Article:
Icelandair’s 2015 route network is the largest in the airline’s history with flights to more than 20 destinations throughout Europe. As a result of this announcement, the Portland metro area’s 2.3 million residents will gain access to one of the regions fastest elapsed flying times to popular European destinations including London, Copenhagen, Paris, Stockholm and Munich. With low fares in three cabins of service, personal in-flight entertainment, on-board Wi-Fi access, and the exciting option of booking an Icelandair Stopover in Iceland at no additional airfare for up to seven nights, Icelandair is excited to bring this refreshing new alternative to Oregon.
Service from Portland International Airport (PDX) will operate on Wednesdays and Fridays with departures at 3:40 pm (1540), arriving at Icelandair’s hub at Keflavik International Airport the following morning at 6:15 am (0615), with a total flight time of just over seven hours. Return service departs Keflavik on Tuesdays and Thursdays at 5:15 pm (1715), with same-day arrival in Portland at 6:15 pm (1815).
Icelandair offers service to Iceland from Boston, New York-JFK, Washington (Dulles), Seattle/Tacoma, Denver, Toronto (Pearson) and Edmonton, with seasonal service from Newark, Minneapolis/St. Paul, Sanford (near Orlando), Portland, Vancouver, Halifax, and Anchorage.
The company is also increasing the frequencies next summer on the Newark, Toronto and Washington routes.
In other news, an Air Iceland pilot allowed his passengers to get an up-close view of the simmering Bárðarbunga volcano. Icelandair posted this report and photos on their website:
Icelandair Group passengers Erla Vinsý and Odee were two of a few lucky customers on board a recent flight with our sister company Air Iceland during the morning of September 3, 2014. With the flight path routing over central Iceland, the chance of seeing the volcanic fissure eruption in the Bárðarbunga area quickly turned into a rare opportunity thanks to clear skies, and the Air Iceland pilot didn’t let the moment pass them by. Taking a short detour via a circle back around the eruption area, passengers on both sides of the aircraft were treated to an aerial view of the eruption while flying safely over the center of the action, allowing Erla and Odee to take these unique photographs of Iceland’s nature and power in action. With brightly-colored lava seeping through the earth’s crust and steam billowing from below the surface, the passengers and crew of this Air Iceland flight were provided a memory they won’t soon forget. Tourists in Iceland are now booking all available charter flights for sightseeing into the uninhabited interior of Iceland where the volcano is putting on its show. For amateur and professional photographers and filmmakers alike, this is the chance of a lifetime. We would like to thank Erla and Odee for sharing their photographs with us!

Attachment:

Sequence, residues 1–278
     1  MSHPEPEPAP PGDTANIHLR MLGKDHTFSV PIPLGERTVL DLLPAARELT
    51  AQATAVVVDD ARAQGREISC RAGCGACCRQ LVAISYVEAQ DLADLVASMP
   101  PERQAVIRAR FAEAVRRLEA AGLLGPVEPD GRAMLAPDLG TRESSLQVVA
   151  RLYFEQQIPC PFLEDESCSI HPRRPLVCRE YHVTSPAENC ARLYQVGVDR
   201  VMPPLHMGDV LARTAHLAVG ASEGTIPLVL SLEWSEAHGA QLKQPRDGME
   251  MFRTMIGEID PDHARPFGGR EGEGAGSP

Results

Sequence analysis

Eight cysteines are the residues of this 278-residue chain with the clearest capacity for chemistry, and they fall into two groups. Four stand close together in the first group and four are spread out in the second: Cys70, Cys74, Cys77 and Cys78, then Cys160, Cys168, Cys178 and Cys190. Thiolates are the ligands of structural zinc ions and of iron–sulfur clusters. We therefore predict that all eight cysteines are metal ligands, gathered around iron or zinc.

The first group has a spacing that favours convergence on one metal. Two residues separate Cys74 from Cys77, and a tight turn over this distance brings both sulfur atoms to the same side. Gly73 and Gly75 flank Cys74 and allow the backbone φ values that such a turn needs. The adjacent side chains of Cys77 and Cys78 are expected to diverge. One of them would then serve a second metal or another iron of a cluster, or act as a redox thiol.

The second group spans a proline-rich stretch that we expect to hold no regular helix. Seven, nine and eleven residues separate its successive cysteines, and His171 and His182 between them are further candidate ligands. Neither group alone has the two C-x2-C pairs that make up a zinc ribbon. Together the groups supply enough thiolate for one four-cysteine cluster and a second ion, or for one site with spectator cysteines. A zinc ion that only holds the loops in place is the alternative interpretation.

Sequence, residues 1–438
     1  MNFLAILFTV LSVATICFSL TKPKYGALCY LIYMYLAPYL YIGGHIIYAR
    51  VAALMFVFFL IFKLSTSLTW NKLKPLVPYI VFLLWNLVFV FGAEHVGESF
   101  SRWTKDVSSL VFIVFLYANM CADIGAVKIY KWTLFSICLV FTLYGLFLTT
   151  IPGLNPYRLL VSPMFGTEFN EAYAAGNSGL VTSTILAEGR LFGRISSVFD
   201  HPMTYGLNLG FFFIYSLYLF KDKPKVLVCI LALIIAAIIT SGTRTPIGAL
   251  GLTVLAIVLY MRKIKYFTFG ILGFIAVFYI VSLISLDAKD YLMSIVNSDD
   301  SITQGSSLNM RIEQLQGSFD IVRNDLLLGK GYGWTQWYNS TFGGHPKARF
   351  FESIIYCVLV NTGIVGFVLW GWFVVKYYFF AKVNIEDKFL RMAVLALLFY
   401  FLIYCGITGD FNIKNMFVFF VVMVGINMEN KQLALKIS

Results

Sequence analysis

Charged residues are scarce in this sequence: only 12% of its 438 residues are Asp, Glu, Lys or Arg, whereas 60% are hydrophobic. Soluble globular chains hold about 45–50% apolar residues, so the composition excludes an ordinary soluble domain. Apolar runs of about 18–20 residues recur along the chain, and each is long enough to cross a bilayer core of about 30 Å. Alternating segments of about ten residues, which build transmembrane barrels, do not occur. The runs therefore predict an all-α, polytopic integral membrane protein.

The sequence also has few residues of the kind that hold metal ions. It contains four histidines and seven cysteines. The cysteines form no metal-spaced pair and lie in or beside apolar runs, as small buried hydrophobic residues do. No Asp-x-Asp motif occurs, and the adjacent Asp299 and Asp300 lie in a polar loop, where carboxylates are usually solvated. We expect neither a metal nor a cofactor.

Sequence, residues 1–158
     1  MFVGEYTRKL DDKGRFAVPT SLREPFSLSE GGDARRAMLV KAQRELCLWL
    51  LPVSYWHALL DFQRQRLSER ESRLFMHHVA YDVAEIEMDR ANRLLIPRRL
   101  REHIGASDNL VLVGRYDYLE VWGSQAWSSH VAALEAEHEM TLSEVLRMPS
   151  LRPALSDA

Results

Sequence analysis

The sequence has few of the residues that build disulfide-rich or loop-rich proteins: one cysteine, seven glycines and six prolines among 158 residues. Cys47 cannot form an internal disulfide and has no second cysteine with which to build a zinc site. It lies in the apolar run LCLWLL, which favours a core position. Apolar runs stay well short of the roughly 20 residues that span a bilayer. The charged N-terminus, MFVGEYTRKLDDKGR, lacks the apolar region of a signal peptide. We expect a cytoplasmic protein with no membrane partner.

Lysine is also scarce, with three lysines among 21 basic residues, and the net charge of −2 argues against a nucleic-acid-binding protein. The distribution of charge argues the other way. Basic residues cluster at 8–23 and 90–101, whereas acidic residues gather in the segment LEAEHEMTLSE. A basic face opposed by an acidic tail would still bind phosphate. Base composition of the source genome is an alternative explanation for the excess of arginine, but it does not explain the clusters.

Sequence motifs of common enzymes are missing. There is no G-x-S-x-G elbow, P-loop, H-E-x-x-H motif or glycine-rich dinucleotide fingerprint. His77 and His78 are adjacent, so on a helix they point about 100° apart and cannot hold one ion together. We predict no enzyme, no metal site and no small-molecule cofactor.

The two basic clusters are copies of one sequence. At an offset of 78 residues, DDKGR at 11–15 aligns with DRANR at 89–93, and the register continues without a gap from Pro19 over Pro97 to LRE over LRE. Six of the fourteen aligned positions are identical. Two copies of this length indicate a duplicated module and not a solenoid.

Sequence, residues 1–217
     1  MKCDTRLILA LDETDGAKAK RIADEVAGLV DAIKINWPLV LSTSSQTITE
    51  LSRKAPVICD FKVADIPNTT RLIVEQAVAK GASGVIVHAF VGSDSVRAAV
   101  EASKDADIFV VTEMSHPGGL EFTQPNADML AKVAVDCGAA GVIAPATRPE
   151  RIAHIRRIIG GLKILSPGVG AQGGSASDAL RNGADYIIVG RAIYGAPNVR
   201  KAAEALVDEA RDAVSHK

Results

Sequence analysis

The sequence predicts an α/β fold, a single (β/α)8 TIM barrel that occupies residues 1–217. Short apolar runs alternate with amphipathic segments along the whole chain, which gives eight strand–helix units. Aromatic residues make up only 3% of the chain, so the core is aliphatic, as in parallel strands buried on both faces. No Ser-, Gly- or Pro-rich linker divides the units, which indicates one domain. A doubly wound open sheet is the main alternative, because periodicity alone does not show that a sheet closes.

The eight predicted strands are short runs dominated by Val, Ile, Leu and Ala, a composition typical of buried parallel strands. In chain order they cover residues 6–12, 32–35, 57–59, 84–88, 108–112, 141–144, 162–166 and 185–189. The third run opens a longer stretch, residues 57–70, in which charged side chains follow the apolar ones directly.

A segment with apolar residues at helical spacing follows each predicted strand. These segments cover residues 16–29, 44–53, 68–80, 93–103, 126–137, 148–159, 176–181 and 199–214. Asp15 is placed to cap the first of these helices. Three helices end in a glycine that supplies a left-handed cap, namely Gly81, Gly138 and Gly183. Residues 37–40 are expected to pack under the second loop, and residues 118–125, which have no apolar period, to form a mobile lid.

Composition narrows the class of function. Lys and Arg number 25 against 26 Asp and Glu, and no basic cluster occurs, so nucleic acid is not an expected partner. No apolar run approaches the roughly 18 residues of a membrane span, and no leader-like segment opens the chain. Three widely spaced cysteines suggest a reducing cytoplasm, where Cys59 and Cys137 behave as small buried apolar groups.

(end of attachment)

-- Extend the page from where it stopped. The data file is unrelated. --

Copyright Photo: Luimer Cordero/AirlinersGallery.com. Boeing 757-256 TF-LLX (msn 29311) arrives in Miami with a partial livery.